British Cycling’s backup team have contacted Bradley Wiggins following the Tour de France winner’s “deeply concerning” allegations that he was sexually groomed by his coach when he was 13.
The sport’s governing body has also confirmed it has offered its full support to Wiggins after he revealed in an interview that he had ‘buried’ what happened to him because he had no one to go to. turn for help.
“We are deeply concerned by the issue raised by Sir Bradley Wiggins and our backup team contacted him today to offer him our full support,” a British Cycling spokesperson said.
“We encourage anyone who has experienced abuse or is concerned about the welfare of others – regardless of when the incident occurred – to utilize the support offered by both our trained team British Cycling and the NSPCC’s dedicated helpline, who in turn help us. to ensure that our sport is a safe and welcoming place for all.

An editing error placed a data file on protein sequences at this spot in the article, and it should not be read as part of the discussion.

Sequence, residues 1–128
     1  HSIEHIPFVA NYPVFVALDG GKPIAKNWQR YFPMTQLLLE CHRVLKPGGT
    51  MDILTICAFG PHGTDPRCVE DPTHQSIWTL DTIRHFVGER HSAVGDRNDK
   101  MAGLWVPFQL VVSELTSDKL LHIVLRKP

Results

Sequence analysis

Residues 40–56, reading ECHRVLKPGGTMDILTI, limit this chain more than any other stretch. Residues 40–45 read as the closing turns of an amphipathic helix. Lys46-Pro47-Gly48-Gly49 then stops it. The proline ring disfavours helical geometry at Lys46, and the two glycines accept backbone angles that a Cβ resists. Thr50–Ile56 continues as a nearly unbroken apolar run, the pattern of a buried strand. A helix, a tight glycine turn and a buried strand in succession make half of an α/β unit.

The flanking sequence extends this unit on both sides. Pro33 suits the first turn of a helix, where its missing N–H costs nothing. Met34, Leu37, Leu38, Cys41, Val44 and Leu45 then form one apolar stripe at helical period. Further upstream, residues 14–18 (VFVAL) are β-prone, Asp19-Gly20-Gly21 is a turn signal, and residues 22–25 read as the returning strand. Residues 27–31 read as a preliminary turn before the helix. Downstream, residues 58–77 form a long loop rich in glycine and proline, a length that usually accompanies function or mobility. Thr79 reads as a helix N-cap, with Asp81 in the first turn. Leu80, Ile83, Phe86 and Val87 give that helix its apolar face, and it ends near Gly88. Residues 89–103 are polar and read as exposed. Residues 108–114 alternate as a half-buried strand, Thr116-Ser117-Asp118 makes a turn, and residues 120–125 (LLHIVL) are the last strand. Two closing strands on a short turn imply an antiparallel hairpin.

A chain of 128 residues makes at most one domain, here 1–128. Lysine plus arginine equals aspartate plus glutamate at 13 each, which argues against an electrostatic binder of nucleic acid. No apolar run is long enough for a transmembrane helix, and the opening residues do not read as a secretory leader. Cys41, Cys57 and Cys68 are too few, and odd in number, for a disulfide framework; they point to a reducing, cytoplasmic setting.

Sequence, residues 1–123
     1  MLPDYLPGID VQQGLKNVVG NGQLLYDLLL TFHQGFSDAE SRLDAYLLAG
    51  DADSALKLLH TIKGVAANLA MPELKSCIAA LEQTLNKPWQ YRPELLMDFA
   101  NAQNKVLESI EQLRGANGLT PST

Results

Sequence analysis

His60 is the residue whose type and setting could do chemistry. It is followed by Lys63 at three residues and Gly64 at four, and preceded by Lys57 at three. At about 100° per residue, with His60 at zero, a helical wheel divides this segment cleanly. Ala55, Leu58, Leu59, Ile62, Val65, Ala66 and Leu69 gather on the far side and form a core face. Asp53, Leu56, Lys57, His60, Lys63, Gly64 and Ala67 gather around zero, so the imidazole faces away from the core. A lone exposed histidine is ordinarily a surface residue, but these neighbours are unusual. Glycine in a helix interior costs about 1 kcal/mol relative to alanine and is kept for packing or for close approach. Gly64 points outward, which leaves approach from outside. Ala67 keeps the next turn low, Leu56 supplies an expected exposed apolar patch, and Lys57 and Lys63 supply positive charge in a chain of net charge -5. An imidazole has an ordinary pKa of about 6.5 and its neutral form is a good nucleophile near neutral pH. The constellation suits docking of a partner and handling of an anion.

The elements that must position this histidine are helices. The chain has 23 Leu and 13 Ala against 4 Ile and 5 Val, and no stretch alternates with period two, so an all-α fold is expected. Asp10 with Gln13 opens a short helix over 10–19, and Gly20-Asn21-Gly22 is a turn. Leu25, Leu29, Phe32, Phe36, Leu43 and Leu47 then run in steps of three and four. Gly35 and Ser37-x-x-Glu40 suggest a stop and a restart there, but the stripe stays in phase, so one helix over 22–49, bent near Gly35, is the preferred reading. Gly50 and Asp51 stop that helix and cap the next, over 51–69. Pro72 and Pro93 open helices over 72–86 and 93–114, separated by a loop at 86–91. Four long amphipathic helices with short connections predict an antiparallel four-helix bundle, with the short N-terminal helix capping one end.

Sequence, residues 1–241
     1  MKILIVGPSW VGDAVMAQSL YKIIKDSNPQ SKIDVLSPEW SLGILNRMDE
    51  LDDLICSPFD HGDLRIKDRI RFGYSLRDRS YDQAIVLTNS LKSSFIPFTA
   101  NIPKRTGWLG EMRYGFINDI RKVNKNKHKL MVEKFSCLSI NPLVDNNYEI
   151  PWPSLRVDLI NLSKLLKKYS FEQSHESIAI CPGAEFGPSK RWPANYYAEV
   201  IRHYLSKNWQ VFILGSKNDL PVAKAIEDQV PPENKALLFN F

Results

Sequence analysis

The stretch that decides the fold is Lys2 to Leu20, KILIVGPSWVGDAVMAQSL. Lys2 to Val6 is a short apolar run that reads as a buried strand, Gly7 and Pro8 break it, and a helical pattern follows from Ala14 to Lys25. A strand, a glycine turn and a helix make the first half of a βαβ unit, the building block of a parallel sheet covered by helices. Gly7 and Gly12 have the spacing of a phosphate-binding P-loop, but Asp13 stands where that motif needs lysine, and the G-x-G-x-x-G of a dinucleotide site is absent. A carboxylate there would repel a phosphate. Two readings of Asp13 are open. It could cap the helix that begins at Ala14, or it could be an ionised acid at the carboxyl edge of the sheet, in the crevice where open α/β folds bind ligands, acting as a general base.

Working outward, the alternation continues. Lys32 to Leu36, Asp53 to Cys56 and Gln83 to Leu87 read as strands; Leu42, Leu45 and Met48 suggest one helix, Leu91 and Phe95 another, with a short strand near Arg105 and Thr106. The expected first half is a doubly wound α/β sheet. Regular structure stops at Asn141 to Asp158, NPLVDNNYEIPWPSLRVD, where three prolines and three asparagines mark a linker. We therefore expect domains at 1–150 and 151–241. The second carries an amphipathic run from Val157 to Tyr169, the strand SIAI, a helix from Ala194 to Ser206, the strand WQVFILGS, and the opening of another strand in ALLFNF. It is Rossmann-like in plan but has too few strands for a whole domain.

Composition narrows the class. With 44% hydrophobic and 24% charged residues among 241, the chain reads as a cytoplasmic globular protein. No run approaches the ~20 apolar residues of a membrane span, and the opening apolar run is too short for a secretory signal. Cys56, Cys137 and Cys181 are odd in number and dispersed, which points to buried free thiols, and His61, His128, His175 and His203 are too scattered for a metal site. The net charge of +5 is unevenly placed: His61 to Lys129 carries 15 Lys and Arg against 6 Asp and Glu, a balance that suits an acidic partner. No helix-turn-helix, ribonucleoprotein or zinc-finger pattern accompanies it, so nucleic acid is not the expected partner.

Wiggins, who won the 2012 Tour de France and eight Olympic medals in his career, told Men’s Health UK he received treatment when he was around 13 and “I never fully accepted that”.
When asked if he had been groomed sexually, he replied, “Yes. All of this affected me as an adult… I buried it.
Wiggins said he couldn’t talk to his stepdad because he beat him up: “My stepdad was quite violent with me, he used to call me a fag because I I was wearing lycra and all that, so I didn’t think I could tell him.”
The 41-year-old was also praised by the NSPCC for being brave enough to come forward. Michelle North, head of the charity’s child protection in sport unit, said: “It takes a lot of courage to speak out about sexual abuse and Sir Bradley Wiggins has shown real bravery by revealing how he was groomed as a young cyclist by his coach who should have protected him.
“Sports coaches wield a great deal of power and influence over the children in their care and can too easily exploit this trust to treat and abuse them.
“It is common for victims to feel guilt and shame or even be unaware that they are being abused and some may not come to terms with this for decades, but nonetheless the impact can be devastating and long lasting.”